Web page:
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How To Prioritise Quickly And Intuitively

by Kelly Waters, 23 June 2007 | Agile Planning

How To Prioritise Quickly And IntuitivelyIf you’re in a situation where prioritisation is straightforward and you have a single decisive product owner, you probably need to read no further.

If, however, prioritisation is difficult in your situation – maybe because you have several products or product owners with conflicting priorities, or maybe because your requirements can be complex and benefits rather intangible – this is for you.

In this case, prioritisation can be difficult and priorities are not always immediately obvious.

This simple approach might help you to prioritise more quickly and intuitively…

Draw a 2 x 2 grid. Use the bottom axis as ‘Difficulty’. Make the vertical axis ‘Importance’.

‘Difficulty’ should represent all the negative aspects, such as time, cost, effort, risk, complexity, etc.

Prioritisation Matrix

The ‘Importance’ axis should represent all the positive aspects, such as revenue, cost-savings, and (slightly counter-intuitively) the risk of not doing it.

Make the left corner of each axis ‘Low’ and the top and right of the axes ‘High’. What’s in between doesn’t really matter. ‘Difficulty’ could be your complexity points if your using Fibonacci estimating or something similar. But it doesn’t really matter. The important thing is simply one item’s difficulty and importance relative to anothers.

Plot each of your items on the grid, making an intuitive judgement about whether it’s harder or easier, more or less important, than the other items already plotted. Make sure they’re plotted roughly in the right position, relative to each other.

Get the relevant product owners to decide on the vertical position. Get the technical team to decide on the horizontal position. This is best done in a workshop with all the relevant people together. It’s also important that only those qualified to judge should influence the horizontal position!

It’s a good idea to start with the things that are clearly the easiest, hardest, most and least important. Place these in the corners of the grid to provide a useful context for other, less obvious items.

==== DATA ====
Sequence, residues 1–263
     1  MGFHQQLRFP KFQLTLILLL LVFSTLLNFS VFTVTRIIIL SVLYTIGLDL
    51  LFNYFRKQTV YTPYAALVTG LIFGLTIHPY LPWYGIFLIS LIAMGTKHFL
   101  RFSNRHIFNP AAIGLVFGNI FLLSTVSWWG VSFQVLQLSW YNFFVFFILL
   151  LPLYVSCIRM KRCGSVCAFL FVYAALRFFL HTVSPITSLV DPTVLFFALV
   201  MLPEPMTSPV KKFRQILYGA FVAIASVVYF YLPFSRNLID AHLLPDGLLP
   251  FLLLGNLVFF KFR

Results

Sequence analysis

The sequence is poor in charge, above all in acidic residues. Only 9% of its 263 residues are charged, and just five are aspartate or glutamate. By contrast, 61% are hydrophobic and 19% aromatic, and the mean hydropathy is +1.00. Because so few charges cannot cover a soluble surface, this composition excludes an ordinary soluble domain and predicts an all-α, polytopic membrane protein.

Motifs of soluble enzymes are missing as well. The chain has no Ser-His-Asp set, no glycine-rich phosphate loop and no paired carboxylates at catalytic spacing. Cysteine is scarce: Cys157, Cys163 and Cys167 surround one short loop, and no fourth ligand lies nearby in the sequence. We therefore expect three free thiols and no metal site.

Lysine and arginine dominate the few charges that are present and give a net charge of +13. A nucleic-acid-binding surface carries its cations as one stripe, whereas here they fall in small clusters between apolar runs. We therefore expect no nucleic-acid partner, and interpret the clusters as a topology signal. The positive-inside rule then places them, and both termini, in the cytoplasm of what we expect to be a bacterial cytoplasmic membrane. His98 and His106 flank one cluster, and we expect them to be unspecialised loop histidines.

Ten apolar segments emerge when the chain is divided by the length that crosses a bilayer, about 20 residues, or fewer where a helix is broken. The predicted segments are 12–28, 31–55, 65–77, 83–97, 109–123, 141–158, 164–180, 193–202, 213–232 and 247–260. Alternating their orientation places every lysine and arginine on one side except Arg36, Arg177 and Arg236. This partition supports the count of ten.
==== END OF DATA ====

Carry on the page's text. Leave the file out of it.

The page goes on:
Once you’ve got all your things on the grid, think about the four quadrants. Things in the top left are “No-Brainers”. These things are clear priorities. Things in the bottom right are potentially for the bin, as these things are of the least value.

Things in the bottom left are quite straightforward to deliver but not the most important. Consider ways to make them more valuable, i.e. push them up on the grid. Could they be chargeable features (if appropriate)? Or if enhanced slightly would they be considered much more important? Of course you shouldn’t do this artificially; it’s counter-productive.

Typically things in the top right quadrant are more strategic developments. Although they’re over to the right, if you never start them you’ll certainly never deliver them. Consider ways to simplify these items. Consider breaking them up into multiple things, so bits can move left on the grid and the strategic changes delivered over time.

This might sound like a simplistic approach, but you might be surprised how many things you’re already working on that are not in the top left of the grid. And how many things you might not be working on, that are.

Kelly.

See also:
How to prioritise (Part II)

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7 Responses to “How To Prioritise Quickly And Intuitively”

  1. David Churchville says:

    Interesting post, Kelly.

    I think being able to visualize priority in 2 dimensions is actually a pretty compelling approach.

    How do you see this working for situations where multiple customers have conflicting priorities? Where would you plot the importance?

    I’ve blogged about prioritization for multiple customers a while back here:
    http://www.extremeplanner.com/blog/2005/10/prioritizing-requests-from-multiple.html

  2. Steve says:

    This is similar in many respects to Steven Covey’s diagram in “7 Habits.” I’ve often thought that someone could make a really effective to-do program using this matrix, but it won’t be me, since I don’t code.

  3. Andrew B says:

    Great idea. I like the picture of the biker and the train. That guy really does have to think of priorities!

  4. bashar says:

    I like the diagram. Really true. Without visualizing it in such easy and nice way, I have many ideas that come to my mind, due to mu lack of time I started knocking many of them and go to what’s called Quick Wins. No risk, no long time, decent income.

    I should be moving to the right slowly though.

  5. Ken Barker says:

    I’ve used a prioritization technique that is a bit similar – however instead of the quadrants being setup around dropping somthing, no-brainer, etc. I use things like 1) Reduces risk, 2) benefits user, 3) Enhances revenue and finally 4) externally required (for things like legal, etc.)

    Particularly if I am working with client reps – they take to these really well.

    Something goes into the no-brainer pile for us when it hits on three or more of these quadrants, and needs more scrutiny if it only hits one or two.

  6. Michele says:

    It remembers the BCG matrix

  7. Anonymous says:

    I’ve created an Excel spreadsheet featuring this chart and the posting text. Is there an e-mail that I can send it to so others can use it if they’d like?
    -Sid
    (esid[at]mm[dot]com)

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